Truthfully, feminists fall in love just as hard as anyone else and falling out of it is just as painful too. The difference is, and I can only speak from my experience here, that we tend to be a lot harder on ourselves about our recovery. Being a strong woman, there is a sense of residing guilt in giving into being truly sad about a man. You can’t help but compare yourself to other women you admire, and beat yourself up for not being able to soldier on in the way that you assume they would. You ask yourself “What would Beyoncé say if she saw me like this?” Which just makes you cry more. Because Beyoncé.

image00

But I’m going to let you in on a little secret, one that many people don’t know – that there is great strength in vulnerability. It is not weak, or un-feminist, to admit defeat at the hands of a man. In fact, being honest with yourself is the only way you can pick yourself up and be an even stronger, even more badass woman. And allowing yourself time to grieve and truly feel your feelings is exactly why women tend to recover faster, and arguably more healthily than men do. Because we are amazing. You are amazing. So don’t be so hard on yourself. Yes, you. Healing is never a linear process, and you’re doing the best you can.

Written by Sophia Joannides

Twiiter/ Instagram: @fiaurora
Wellness is necessary to living a happy life. Most of us do not realize the blessing good health is until we become ill. The most relatable example is when we catch a cold. We feel miserable for a few days, approved drink more water, get lots of rest, and perhaps take vitamin supplements. Once the bug is gone we continue as per usual. But what if your symptoms are a bit more serious? Perhaps you developed that cold. Perhaps you developed joint pain, fatigue, and sensitivity to certain foods. Maybe it is getting more difficult to perform daily tasks and strenuous activities. The situation described above is what I experienced the months prior to me deciding to take control of my health.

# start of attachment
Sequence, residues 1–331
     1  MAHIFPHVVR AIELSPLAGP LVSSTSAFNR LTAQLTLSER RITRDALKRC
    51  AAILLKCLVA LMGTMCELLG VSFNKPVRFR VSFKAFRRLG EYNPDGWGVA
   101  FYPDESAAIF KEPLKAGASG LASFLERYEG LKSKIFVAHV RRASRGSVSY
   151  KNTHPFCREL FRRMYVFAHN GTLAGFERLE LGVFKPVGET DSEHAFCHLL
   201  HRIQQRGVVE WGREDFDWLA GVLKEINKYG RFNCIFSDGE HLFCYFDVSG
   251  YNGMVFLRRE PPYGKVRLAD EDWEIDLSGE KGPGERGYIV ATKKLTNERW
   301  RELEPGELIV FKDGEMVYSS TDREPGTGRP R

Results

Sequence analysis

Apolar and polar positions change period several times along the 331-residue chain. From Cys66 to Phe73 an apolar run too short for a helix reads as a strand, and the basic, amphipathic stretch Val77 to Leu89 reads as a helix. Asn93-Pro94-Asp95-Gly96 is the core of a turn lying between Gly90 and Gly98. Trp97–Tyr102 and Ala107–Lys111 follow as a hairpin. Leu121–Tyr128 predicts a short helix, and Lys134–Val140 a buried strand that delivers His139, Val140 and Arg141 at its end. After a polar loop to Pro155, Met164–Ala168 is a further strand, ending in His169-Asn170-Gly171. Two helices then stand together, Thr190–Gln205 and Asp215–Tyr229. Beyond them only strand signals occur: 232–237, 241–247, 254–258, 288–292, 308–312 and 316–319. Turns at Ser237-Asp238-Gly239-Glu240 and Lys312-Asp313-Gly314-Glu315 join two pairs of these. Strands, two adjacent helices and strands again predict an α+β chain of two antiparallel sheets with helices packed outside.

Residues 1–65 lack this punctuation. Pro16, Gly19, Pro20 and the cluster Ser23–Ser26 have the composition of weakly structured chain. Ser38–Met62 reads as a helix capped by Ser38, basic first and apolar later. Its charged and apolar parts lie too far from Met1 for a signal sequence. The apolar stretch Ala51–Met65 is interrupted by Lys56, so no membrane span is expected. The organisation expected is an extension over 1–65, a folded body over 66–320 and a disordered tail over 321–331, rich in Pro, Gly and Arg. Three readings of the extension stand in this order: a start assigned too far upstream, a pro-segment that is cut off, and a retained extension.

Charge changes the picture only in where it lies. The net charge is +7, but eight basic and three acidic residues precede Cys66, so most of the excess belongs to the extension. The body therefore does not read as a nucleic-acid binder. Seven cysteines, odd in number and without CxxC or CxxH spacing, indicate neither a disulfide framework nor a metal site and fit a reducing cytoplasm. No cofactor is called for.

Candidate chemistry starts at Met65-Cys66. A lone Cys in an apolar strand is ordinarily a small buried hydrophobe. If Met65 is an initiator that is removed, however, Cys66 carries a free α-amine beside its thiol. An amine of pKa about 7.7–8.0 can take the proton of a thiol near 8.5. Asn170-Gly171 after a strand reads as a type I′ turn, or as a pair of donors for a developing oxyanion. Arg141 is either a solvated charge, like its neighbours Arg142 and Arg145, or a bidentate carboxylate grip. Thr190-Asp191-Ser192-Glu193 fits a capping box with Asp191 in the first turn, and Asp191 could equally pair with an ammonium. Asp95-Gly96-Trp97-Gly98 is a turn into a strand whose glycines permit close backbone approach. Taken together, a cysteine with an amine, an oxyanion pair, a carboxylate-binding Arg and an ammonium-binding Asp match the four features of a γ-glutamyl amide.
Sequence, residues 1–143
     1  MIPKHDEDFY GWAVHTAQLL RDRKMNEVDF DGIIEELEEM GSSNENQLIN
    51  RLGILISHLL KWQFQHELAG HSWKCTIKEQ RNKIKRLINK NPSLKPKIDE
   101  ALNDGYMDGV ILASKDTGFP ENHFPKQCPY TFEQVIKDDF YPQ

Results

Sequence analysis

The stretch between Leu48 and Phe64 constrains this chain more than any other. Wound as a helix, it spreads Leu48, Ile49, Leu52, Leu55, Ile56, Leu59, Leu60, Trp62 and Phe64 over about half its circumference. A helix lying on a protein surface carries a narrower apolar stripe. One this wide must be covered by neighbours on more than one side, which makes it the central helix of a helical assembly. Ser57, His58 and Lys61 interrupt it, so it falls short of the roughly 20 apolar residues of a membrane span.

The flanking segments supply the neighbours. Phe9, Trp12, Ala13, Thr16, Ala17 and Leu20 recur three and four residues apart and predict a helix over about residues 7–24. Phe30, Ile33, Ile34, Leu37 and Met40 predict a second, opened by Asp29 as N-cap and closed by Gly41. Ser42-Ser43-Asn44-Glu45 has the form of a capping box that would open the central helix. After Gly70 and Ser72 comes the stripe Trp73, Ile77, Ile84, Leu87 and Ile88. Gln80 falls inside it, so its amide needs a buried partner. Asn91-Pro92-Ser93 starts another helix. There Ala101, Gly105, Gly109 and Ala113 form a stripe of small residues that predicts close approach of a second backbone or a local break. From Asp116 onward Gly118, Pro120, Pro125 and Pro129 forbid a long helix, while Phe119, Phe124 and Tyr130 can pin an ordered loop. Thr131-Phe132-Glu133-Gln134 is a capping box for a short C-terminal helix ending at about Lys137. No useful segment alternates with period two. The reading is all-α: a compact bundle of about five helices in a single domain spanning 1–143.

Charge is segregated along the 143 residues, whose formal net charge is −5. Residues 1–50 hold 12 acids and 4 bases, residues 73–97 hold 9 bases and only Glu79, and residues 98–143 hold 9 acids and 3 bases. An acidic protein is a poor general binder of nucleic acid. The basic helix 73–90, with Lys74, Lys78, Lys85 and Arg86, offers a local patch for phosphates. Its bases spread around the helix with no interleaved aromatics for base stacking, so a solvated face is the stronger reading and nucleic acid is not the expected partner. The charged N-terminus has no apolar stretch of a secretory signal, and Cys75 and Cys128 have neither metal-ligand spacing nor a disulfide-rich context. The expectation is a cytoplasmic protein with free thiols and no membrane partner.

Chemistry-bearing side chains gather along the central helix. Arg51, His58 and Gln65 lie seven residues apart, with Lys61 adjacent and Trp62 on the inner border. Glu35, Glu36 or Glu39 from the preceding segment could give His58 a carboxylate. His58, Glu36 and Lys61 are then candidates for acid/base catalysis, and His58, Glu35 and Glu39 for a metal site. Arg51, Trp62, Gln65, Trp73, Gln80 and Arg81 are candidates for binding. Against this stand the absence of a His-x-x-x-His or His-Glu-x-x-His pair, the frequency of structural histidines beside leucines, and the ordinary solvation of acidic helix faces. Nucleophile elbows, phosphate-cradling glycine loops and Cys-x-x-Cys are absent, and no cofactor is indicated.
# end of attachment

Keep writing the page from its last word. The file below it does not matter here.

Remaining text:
The truth is there is no cure all method to health and wellness. We are all discovering how to interact with the world through our perspectives. Our physical body is another one of the many facets through which we interact. Learning, having goals, making plans, and constantly reevaluating where you are is important when it comes to taking stalk. Alas, if you are wondering how I am finding success, I am more than open to sharing what is creating results for me:

1.My Fitness Pal App/ Food Tracking